A radical far-left candidate is hoping to make an impact on the chaotic French election with manifesto pledges to slash the retirement age and working hours.
As Conservative Francois Fillon is mired in a corruption scandal while centrist Emmanuel Macron fights it out with Front National leader Marine Le Pen, Jean-Luc Melenchon has risen steadily through the polls.
The 65-year-old is a former Socialist party member and served as a minister in the Education department between 2000 and 2002 but he left the party in 2008.
Backed by the Communist Party, the founder of the movement “La France insoumise” has rallied those who have long been disappointed by Francois Hollande's presidency and the divisions of the Socialist Party.
Closely trailing behind left-wing candidate Benoit Hamon in the polls at 11 to 12 per cent of votes, Mr Melenchon could create a surprise result in the first round of the election.
Flirting with Trotskyite ideas, his campaign pledges focus on redistribution of wealth, increasing the minimum wage and taxes for high incomes, as well as lowering the age of retirement to 60-years-old, reducing working hours to 32 hours a week and leaving Nato.
He also wants to create a constitutional assembly as the basis for an entirely new French republic, labelling the current version a “presidential monarchy”.
The constitutional shake-up would see social and environmental rights become core pillars.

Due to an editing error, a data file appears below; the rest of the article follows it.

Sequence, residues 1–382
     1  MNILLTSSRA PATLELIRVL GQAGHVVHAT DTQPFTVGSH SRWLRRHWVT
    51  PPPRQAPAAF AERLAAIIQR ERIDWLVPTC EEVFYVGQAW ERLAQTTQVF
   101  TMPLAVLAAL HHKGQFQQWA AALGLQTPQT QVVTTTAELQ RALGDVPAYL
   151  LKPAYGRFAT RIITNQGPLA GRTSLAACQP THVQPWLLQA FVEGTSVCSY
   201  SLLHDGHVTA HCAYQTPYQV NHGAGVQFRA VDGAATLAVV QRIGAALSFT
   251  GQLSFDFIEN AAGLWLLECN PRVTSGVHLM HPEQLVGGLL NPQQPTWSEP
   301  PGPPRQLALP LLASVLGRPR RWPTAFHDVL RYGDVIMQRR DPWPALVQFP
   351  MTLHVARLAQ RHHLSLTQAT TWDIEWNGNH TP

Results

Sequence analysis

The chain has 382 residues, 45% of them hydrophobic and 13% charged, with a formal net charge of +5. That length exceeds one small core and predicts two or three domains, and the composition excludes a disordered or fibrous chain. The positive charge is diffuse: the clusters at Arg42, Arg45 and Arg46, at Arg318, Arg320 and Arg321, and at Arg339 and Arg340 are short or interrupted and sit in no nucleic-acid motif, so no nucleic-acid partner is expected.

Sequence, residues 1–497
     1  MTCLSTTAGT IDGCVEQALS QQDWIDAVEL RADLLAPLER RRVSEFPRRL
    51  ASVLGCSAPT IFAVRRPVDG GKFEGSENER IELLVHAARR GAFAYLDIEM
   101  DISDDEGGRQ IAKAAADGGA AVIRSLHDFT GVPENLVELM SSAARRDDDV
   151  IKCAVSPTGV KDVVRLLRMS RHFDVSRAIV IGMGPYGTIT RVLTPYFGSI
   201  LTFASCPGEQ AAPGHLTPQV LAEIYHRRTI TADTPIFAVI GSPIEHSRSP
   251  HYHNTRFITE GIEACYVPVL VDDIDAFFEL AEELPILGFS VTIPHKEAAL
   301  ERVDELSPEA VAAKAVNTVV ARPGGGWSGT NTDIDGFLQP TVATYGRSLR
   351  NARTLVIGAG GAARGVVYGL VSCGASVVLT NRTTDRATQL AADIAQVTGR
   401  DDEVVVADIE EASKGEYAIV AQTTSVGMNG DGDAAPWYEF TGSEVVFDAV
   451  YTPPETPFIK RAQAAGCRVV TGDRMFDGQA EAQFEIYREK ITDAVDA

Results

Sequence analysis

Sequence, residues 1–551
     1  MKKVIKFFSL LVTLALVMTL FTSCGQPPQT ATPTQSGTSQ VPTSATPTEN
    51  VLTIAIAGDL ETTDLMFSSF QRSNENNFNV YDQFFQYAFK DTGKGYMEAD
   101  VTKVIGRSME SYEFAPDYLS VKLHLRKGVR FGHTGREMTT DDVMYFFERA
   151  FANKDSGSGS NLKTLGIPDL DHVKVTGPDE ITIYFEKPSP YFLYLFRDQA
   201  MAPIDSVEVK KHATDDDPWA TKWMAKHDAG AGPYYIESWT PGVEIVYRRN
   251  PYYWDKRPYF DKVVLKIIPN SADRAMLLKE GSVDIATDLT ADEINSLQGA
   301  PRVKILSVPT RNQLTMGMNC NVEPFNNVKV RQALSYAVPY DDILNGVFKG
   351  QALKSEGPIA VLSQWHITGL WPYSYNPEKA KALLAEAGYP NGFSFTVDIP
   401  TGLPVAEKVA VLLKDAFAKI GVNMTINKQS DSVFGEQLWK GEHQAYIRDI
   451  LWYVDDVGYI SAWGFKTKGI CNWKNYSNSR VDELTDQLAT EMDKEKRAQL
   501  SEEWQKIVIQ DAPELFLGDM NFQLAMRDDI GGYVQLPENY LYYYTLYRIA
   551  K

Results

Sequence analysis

A "green rule” would prevent taking from nature what it cannot recreate, while air quality, water, food, health, energy and currency would be also protected as “common goods”.
The right to work, to a home, to abortion and euthanasia would also be made part of the constitution.
Mr Melecnhon wants to leave European treaties, abandon nuclear energy on which France is dependent, legalise cannabis, eradicate homelessness by the end of his term, set-up a universal income for French nationals and recruit 10,000 civil servants including local police forces.
The ideas are not new and the far-left candidate ran with a very similar programme in 2012, when he received 11 per cent of votes.
Tens of thousands of people are reported to have gathered at a rally in Paris this weekend to show their support for the candidate’s deep reform.
His book L’avenir en Commun (The future in Common), in which he sets out his manifesto, has already sold 200,000 copies according to French newspaper Les Echos.
And despite his political seniority, he is finding new ways to appeal and engage with voters. In the last few months, his YouTube channel has grown from 40,000 subscribers in October to 236,000 and counting.
But Mr Melenchon’s candidacy and the division of the French left has also enabled the emergence of frontrunner Emmanuel Macron, who has now overtaken Ms Le Pen in a poll by Odoxa.
A total of 11 candidates will be running in the two-round election, which is being seen as another test for traditional parties and support for institutions like the European Union.
The deadline has now passed for the Conservative to present an alternative candidate to Mr Fillon, after the right-wing candidate admitted he was being officially investigated over allegations he paid his wife and children for parliamentary work they allegedly never carried out.
The scandal saw him slip to third in the polls, at least six points behind Ms Le Pen and Mr Macron.
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